“Bacteriophages (phages) are harmless bacterial viruses ubiquitous and environment friendly, that can efficiently and specifically kill detrimental bacteria without affecting the rest of skin microbiota present. Purified phage lytic enzymes (lysins) are usually more stable than whole phages and can be used instead. In terms of new technology applications, research by British company Fixed-Phage Ltd shows that a cream containing phage active against C. acnes completely eliminated all pathogenic bacteria from skin surface within an hour. Recently a Californian company, Ellis Day Skin Science, introduced a new product with Cutiphage, a cocktail of two C. acnes phages.[viii] The Dutch company Micreos raised €30 Million to continue development of their phage lysin based Gladskin skin care product for eczema”.[ix]

In probiotics in acne, proprietary Cutibacterium acnes strains are the target. Naked Biome use a less health-associated C. acnes strain (called MBO1) with low inflammatory potential, in phase 1b clinical trial, twice-daily MBO1 treatments for 12 weeks showed a microbial shift towards MBO1’s genotype and a trend towards fewer inflammatory lesions. S-Biomedic (in collaboration with J&J[viii]) focus on products incorporating C. acnes strain producing low levels of linoleic acid isomerase, an enzyme implicated in acne. Xycrobe Therapeutics have engineered strains of C. acnes to produce an anti-inflammatory cytokine, interleukin-10 (IL-10), reduced in people with acne.[ix]

In advancement of eczema treatment with commensal Staphylococci species, MatriSys Biosciences treat atopic dermatitis using a bacterium S. hominis and Azitra, supported by Bayer, produced a strain of S. epidermis to outcompete the pathogenic S. aureus.[x]

How to monetise the science

Whether the companies follow a faster route to commercialisation as a consumer product or a rather long path of a therapeutic is a matter of strategy – taking into account regulatory requirements, time/cost implications, volume versus premium pricing and the likely return on investment. The development of skin microbiome-regulating products and technologies is a promising endeavour, a number of dermatology and cosmetic companies have shown strong commercial interest in skin microbiome startups. Interviewed for a publication in Nature, Eric de La Fortelle, a partner at Seventure Partners, a Paris-based venture capital firm in the life sciences, says,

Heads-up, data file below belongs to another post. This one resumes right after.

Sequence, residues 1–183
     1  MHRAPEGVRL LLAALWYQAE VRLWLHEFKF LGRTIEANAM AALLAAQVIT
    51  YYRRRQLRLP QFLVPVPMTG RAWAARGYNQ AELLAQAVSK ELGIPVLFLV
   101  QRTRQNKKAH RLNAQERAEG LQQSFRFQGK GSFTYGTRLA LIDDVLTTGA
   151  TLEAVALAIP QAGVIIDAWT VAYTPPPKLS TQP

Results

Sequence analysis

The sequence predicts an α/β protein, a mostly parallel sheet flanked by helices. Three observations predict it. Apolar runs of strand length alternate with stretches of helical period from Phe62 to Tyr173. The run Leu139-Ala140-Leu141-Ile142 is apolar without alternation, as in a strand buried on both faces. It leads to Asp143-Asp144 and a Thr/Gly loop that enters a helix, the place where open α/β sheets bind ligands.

“Most companies are grappling with how to balance cosmetic and therapeutic interests. It’s not unusual that the same bacterial strains can be applied to either sorts of uses. The only difference is that therapeutic applications generally rely on higher doses that engraft better into skin and persist for longer durations”.

The research partnerships are at early stages, yet in a year or so if published results show a proof of efficacy, ‘everyone will rally for investment to follow and boost the field’.[xi]

 

 

[i] Significant changes in the skin microbiome mediated by the sport of roller derby

[ii] Cohabiting family members share microbiota with one another and with their dogs

[iii] The skin microbiome: Quarterly review Q2 2020

[iv] Same, but different: AOBiome aims to capture China market with Mother Dirt ‘twin’

[v] 5 top trends in microbiome skin care 

[vi] A global perspective on the epidemiology of acne 

[vii] A topic Dermatitis: Global Epidemiology and Risk Factors

[viii] Johnson and Johnson at work on skin care that modulates bacteria 

[ix] Out of your skin

[x] Bayer and Azitra partner to harness the human skin microbiome as a source for new natural skin care products for sensitive and eczema-prone skin

[xi] We thank Dr Timofey Skvortsov from Queens University Belfast, Northern Ireland, for his contribution to this blog.

 

 

Dr Katerina Steventon, NBIC Senior Innovation Consultant